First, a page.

6. The point urged on behalf of the accused was, as we have already indicated, that Sections 4 and 6 of the Ordinance provide for two separate offences and as the sanction was to prosecute for an offence under Section 4, the conviction under Section 6 was bad in law.
7. Section 4 of the Ordinance is as follows:
'Save as provided by or under this Ordinance, no person shall after the 12th day of January 1946 transfer to the possession of another person or receive into his possession from another person any high denomination bank note.'
Then Section 5 makes certain exceptions in favour of banks and Government treasuries. It is, however, not necessary for the purposes of this case to quote that Section . Section 6 provides that if after the 12th of January, 1946, any person, other than a bank or Government treasury, wants to tender a high denomination note for exchange, he will be required to act in the manner provided in the subsequent sub-clauses of the Section , one of the main requirements being that he will have to fill in a form in triplicate giving the various particulars mentioned in that form, which information was required by the Government for certain purposes of its own.
8. The argument advanced by learned counsel is that Section 4 deals with the case of dealings between an individual and another, while Section 6 deals with a case where a private individual goes to a bank or a Government treasury and wants to deposit or to exchange a high denomination note after the 12th of January, 1946.
9. The argument that Sections 4 and 6 of the Ordinance create two separate offences must be rejected. Section 4 of the Ordinance starts with the words
'Save as provided by or under this Ordinance.'
If Section 4 is confined to dealings between individuals and not between an individual and a Bank or a Government treasury, these words would become redundant as there is no exemption in any of the subsequent Sections allowing a private individual to exchange a high denomination note with another individual after the 12th of January. 1946 for cash or for lower denomination notes. There is an absolute bar against private dealings.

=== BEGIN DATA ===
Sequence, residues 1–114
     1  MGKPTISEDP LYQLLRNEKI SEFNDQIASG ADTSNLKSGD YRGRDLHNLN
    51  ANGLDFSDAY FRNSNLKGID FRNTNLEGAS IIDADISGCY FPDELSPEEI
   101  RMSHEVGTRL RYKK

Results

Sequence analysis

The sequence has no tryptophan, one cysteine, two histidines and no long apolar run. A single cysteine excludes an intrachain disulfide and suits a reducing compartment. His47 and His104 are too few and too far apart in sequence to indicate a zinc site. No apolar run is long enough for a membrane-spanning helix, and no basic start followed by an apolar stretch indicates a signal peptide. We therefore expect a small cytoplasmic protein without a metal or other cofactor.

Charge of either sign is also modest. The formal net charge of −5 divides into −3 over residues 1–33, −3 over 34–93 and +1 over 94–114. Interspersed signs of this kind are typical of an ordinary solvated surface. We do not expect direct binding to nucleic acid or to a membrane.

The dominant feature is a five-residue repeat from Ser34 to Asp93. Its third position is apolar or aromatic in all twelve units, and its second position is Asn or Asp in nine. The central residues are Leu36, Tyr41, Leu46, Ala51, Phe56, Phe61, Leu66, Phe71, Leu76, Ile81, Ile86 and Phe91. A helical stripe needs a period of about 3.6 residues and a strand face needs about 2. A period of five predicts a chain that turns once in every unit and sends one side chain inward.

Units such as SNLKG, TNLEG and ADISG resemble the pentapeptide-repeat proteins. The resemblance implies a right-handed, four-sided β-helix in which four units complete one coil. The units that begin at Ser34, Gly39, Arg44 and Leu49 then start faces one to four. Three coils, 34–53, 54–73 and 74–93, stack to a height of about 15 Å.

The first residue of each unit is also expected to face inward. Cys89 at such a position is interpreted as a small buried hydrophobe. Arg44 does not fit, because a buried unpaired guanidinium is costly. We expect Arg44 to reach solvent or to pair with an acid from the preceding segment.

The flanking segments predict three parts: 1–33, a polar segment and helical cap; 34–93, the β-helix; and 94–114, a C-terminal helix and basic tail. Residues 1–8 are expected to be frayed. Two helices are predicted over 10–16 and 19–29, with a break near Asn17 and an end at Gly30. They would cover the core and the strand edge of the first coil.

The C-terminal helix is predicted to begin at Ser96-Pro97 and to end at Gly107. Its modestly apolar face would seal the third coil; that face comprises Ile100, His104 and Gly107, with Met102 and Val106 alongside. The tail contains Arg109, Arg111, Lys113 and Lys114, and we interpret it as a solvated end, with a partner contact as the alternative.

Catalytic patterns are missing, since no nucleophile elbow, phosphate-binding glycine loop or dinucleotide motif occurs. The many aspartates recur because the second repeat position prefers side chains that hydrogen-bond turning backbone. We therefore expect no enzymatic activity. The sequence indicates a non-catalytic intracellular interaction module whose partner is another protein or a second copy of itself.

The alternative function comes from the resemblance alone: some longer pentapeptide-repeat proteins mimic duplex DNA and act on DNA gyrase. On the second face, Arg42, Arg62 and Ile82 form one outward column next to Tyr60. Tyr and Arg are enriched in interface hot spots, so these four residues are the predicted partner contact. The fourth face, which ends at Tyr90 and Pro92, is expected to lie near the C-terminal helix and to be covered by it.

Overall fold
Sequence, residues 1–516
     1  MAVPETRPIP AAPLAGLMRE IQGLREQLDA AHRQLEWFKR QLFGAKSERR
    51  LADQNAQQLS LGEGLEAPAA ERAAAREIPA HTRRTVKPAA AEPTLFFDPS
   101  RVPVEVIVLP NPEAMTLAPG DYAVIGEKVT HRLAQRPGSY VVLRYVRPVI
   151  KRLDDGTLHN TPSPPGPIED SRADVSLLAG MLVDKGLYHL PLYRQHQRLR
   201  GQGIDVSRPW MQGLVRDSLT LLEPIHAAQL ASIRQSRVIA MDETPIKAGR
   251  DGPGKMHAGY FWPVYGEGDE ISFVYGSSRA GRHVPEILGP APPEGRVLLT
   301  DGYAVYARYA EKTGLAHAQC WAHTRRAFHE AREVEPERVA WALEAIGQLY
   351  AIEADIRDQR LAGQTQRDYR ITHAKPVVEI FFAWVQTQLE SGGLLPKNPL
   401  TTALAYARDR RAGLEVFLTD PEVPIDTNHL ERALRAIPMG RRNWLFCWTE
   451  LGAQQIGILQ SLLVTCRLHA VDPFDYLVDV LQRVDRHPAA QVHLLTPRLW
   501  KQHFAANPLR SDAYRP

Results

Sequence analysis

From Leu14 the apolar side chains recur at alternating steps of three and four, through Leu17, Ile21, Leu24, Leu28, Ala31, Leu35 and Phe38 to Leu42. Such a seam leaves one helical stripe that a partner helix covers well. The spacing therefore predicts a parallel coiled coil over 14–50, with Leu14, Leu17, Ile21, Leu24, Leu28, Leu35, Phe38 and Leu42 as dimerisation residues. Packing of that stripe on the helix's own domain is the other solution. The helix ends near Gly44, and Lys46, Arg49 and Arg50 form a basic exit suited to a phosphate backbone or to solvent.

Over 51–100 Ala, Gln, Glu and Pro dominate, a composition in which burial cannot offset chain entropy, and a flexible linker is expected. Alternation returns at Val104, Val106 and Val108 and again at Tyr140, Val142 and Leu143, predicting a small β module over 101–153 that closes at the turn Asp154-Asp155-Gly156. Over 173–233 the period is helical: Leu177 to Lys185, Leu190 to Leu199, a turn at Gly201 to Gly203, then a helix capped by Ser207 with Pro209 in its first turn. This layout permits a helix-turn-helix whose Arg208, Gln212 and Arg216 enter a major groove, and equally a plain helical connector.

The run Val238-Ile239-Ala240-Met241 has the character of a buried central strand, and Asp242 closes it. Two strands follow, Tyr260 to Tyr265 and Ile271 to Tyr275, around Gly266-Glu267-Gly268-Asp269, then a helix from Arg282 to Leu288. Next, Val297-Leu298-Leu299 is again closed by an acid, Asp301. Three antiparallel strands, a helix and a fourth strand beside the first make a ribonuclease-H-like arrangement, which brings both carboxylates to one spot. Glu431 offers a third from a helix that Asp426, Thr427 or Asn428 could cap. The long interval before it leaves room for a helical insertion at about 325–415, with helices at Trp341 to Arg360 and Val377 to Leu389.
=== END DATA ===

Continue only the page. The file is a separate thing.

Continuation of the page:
Sections 5 and 6 are the only exemptions that allow exchange of high denomination notes in certain circumstances and, therefore, the exemption mentioned in Section 4 could have reference only to those Sections . Section 6 allows a person to go to a Bank or a treasury to exchange high denomination notes provided he gives the declaration required by that Section . So far as we can see, the Ordinance provides for only one offence and not two separate offences under Sections 4 and 6 and that offence is committed when a high denomination note has been exchanged after the 12th of January, 1946, in contravention of the provisions of the Ordinance.
10. Learned counsel has referred us to the definition of the word 'person' in the General Clauses Act (Act No. X of 1397), where a person is defined as including
'any company or association or body of individuals, whether incorporated or not.'
The argument is that though under this definition of the word 'person' a banking company may be included, a Government treasury will not be, and, therefore, Section 4 of the Ordinance will not apply to a case where high denomination notes have been exchanged at a Government treasury. This argument has no substance. The three Sections 4, 5 and 6 read together clearly show that the word 'person' in Section 4 of the Ordinance was used in its widest sense and Section 4 was intended to include all cases which did not come under the exceptions given in Sections 5 & 6. To quote an example, in Section 6, Sub-section (1) the words are
'any high denomination bank note held by a person other than a bank or Government treasury'.
If the word 'person' was not intended to include a bank or Government treasury in Section 4 then it was not necessary to make this exception in Section 6. The definitions in the General Clauses Act are to apply unless there is anything repugnant in the subject or context. Reading the three Sections together, it appears to us that Section 4 was intended to include all cases of transfer of high denomination notes contrary to the provisions of the Ordinance and Sections 5 and 6 are to be read as exceptions to Section 4. The sanction to prosecute given under Section 7 of the Ordinance was, therefore, in order.
11. The case must now go back to the learned single Judge for decision according to law.